You will need
What to do
- Rule a straight line on a small sheet of cardboard. Make a mark near the middle of the line.
- Put your protractor on the line, centred on the mark. Make a second mark at an angle of 137.5 degrees. Then use your ruler to connect the marks.
- Cut along the two lines to get a piece of cardboard with a 137.5 degree angle.
- On your sheet of paper, draw a small circle to be the centre of your flower. Draw a dot in the centre of the circle.
- Draw one petal coming out of the circle. Put a small mark at the centre of the petal.
- Take your 137.5 degree angle card. Line up the angle with the centre of the circle and one of the two straight lines with the centre of your petal. Make a mark on the paper on the other straight line.
- Move the card out of the way and draw another petal for your flower, keeping it centred on the mark you just made.
- To draw the next petal, line up the 137.5 degree angle with the centre of the flower and the centre of the second petal. Draw another mark to be the centre of the next petal. Then move the angle out of the way and draw the petal.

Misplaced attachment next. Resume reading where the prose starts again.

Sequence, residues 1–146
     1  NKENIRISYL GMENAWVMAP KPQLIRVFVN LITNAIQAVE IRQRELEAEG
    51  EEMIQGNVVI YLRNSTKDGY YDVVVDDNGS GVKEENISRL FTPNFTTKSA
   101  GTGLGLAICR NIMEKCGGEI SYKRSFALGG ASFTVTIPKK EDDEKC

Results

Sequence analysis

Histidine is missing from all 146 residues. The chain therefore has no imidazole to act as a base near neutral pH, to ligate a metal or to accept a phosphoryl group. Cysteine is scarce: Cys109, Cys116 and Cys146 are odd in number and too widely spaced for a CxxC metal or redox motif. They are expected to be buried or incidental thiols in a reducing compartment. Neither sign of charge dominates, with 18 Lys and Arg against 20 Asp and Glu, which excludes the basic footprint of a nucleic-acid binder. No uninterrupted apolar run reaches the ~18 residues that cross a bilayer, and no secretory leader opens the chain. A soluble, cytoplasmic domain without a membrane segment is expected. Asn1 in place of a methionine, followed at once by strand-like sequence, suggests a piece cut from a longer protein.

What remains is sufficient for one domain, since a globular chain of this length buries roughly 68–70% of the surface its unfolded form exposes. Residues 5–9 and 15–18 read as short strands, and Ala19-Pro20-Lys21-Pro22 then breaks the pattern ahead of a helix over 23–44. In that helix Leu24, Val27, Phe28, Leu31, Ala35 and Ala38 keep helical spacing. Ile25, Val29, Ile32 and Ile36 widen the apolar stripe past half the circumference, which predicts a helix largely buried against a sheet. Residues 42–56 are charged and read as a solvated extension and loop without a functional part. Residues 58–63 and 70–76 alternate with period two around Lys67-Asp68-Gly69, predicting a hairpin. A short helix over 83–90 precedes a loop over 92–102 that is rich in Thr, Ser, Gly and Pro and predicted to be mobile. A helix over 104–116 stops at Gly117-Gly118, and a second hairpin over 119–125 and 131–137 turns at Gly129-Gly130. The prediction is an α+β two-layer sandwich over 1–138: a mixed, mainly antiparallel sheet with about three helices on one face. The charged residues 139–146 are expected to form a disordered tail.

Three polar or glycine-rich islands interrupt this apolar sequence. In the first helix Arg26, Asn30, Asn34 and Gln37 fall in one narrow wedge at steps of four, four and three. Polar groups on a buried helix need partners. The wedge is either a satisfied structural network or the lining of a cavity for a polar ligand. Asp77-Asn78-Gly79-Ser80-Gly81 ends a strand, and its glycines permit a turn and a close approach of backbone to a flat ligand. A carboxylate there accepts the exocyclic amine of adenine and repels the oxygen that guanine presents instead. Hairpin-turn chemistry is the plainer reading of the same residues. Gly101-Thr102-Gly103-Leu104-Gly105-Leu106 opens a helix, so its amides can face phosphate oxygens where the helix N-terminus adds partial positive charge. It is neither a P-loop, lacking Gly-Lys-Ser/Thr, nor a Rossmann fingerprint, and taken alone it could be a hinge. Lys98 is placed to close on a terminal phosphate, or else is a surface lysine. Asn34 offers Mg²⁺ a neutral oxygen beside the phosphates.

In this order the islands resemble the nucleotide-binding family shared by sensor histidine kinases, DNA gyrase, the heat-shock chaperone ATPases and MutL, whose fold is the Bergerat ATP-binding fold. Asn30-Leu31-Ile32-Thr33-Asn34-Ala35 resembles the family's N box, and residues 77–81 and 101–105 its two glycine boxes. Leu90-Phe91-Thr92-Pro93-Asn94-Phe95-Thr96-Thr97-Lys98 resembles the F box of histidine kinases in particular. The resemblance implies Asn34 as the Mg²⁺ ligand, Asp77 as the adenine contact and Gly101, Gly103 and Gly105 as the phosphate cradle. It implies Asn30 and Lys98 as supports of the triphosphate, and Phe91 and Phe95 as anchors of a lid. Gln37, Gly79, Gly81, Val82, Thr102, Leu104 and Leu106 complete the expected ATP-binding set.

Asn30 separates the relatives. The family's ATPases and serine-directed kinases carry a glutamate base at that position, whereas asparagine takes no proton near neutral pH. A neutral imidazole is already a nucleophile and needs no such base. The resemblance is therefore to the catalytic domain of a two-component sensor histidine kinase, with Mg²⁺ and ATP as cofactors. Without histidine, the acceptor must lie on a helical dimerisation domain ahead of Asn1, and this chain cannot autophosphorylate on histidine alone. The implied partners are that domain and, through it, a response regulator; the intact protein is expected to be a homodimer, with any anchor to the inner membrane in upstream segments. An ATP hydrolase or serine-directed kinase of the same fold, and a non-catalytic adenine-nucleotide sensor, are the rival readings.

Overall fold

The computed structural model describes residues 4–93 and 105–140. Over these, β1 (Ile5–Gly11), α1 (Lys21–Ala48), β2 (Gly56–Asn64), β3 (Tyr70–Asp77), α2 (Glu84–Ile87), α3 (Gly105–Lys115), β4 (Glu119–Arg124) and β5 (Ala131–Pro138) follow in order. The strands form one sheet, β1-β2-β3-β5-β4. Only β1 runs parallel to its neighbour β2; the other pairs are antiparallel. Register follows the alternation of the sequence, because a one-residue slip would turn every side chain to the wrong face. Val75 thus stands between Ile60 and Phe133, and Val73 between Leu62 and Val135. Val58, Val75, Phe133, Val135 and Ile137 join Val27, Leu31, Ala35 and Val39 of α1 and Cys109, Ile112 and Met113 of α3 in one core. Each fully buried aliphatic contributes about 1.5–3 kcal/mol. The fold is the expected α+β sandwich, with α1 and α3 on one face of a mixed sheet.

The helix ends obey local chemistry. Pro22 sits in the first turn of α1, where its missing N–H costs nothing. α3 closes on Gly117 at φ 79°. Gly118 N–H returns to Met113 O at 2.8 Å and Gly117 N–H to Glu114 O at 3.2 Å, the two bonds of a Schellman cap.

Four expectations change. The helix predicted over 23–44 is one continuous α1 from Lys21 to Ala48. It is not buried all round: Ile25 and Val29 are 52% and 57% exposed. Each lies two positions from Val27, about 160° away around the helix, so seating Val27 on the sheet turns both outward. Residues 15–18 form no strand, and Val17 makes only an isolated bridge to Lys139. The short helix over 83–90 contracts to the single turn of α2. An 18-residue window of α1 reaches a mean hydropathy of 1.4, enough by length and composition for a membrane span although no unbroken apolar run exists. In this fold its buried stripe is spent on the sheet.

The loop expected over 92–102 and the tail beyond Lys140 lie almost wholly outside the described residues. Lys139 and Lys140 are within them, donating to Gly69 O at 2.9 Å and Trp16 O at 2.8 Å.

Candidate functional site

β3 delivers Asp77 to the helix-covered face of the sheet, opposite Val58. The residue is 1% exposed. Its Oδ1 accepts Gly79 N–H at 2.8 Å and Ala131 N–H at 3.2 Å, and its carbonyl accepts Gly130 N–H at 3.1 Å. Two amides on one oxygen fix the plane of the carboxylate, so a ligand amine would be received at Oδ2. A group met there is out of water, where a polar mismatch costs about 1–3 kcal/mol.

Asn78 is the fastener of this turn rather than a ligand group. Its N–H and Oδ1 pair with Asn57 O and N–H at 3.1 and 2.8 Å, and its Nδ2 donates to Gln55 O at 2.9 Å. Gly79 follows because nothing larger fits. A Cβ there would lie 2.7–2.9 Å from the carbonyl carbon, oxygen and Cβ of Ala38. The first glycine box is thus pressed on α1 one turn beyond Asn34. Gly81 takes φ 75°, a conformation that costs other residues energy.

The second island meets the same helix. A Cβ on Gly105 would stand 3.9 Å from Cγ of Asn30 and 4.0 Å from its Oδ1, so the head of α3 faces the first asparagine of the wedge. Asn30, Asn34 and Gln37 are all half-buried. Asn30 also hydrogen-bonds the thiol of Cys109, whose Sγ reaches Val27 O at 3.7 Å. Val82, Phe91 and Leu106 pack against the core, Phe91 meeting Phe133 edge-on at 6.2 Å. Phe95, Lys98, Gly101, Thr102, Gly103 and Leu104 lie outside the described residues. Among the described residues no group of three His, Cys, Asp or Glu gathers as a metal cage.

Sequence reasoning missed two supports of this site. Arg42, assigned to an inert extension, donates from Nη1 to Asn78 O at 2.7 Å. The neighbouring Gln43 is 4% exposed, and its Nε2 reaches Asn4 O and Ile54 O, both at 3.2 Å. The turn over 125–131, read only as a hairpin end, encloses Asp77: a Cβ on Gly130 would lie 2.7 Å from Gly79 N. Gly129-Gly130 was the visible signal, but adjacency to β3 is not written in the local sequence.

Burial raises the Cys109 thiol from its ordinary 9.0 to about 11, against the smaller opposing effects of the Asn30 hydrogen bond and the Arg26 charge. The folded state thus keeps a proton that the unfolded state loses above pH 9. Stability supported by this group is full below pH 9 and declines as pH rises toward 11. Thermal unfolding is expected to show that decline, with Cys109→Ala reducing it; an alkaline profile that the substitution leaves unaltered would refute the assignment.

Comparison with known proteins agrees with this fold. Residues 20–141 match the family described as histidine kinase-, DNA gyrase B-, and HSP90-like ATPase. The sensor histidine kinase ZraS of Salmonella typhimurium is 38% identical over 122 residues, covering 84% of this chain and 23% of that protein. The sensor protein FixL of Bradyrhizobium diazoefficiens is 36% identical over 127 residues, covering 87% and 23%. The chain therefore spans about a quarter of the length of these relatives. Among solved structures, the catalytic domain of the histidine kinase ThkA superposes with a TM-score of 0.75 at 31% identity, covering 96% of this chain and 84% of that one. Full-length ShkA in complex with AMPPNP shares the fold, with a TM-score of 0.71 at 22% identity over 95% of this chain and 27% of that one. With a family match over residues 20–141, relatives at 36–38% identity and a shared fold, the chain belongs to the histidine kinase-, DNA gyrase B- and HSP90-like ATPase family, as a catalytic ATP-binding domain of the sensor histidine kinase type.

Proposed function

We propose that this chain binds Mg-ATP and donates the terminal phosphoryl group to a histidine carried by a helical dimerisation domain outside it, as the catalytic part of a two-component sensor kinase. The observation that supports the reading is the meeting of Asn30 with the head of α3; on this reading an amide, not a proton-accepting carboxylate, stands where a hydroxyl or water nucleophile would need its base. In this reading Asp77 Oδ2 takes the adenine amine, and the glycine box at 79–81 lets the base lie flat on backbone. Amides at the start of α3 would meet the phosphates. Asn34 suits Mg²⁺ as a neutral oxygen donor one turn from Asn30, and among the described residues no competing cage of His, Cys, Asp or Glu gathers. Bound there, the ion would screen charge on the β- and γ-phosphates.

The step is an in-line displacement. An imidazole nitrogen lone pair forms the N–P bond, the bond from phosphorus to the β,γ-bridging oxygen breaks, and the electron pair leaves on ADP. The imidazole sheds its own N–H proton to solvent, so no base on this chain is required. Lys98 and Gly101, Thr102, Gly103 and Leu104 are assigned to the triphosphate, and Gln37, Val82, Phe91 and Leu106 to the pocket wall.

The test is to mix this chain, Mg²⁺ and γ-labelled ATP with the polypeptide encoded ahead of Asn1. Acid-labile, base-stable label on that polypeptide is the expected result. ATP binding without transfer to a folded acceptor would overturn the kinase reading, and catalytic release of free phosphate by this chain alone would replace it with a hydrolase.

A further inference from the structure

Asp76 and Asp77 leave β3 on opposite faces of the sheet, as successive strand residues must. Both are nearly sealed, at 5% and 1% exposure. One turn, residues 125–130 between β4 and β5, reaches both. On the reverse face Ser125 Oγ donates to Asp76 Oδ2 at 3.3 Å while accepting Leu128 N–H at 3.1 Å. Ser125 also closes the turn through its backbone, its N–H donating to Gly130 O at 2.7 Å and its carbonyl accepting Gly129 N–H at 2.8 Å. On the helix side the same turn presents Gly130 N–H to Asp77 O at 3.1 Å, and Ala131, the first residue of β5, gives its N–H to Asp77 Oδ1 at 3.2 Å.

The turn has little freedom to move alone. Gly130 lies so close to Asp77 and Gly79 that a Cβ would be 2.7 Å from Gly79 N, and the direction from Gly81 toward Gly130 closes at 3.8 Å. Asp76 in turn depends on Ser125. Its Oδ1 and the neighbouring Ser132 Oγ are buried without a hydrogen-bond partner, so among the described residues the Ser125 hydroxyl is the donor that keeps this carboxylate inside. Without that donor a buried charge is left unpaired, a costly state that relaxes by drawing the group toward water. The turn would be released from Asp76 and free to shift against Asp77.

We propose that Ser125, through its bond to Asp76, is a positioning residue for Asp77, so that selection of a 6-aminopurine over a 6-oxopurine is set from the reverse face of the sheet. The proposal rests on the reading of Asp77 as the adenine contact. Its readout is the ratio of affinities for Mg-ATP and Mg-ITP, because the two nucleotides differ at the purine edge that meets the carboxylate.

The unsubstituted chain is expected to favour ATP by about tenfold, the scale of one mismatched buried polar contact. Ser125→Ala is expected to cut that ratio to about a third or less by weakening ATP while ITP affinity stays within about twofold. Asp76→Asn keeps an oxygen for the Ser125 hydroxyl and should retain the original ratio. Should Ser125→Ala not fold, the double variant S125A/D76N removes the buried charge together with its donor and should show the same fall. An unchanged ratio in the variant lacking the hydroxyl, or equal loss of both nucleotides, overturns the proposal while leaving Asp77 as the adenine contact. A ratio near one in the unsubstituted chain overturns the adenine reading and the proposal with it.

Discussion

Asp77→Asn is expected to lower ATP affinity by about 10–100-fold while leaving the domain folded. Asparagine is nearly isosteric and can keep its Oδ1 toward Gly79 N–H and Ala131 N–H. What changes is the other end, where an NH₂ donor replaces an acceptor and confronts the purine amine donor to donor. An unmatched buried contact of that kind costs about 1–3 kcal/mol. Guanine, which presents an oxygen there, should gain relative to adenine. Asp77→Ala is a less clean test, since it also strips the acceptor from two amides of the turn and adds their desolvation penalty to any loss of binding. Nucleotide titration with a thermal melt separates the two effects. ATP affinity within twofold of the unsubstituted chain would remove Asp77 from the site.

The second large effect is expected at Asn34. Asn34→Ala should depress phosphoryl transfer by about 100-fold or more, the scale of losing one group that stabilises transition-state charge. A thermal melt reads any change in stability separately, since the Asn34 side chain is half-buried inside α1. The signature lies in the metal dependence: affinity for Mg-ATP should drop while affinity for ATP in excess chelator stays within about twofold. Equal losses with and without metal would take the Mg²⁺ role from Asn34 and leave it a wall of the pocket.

- Keep repeating this procedure until your flower has enough petals.
It’s not easy being a plant. They can’t move, can’t see, and don’t even have a brain. Yet there are lots of actions a plant has to take. Where should the next leaf go on a branch, or the next petal on a flower? The best answer is often ‘in the biggest gap’.
One strategy to find the gaps is to grow the next leaf at a certain angle from the last one. This is relatively easy to do – it doesn’t require eyes or muscles. But it doesn’t always work. Some angles are better for a flower than others.
For example, a branch with a 180 degree angle between each leaf doesn’t do too well, because the third leaf is directly under (or over) the first. On a branch with a five degree angle between leaves, they all end up crowded together while there’s heaps of space on the far side of the branch.
It turns out that the best angle is close to 137.5 degrees. This spreads leaves out evenly, making sure they can all get sunlight. This angle can also be seen in the growth of large flowers and pinecones, and even in fancy broccoli!
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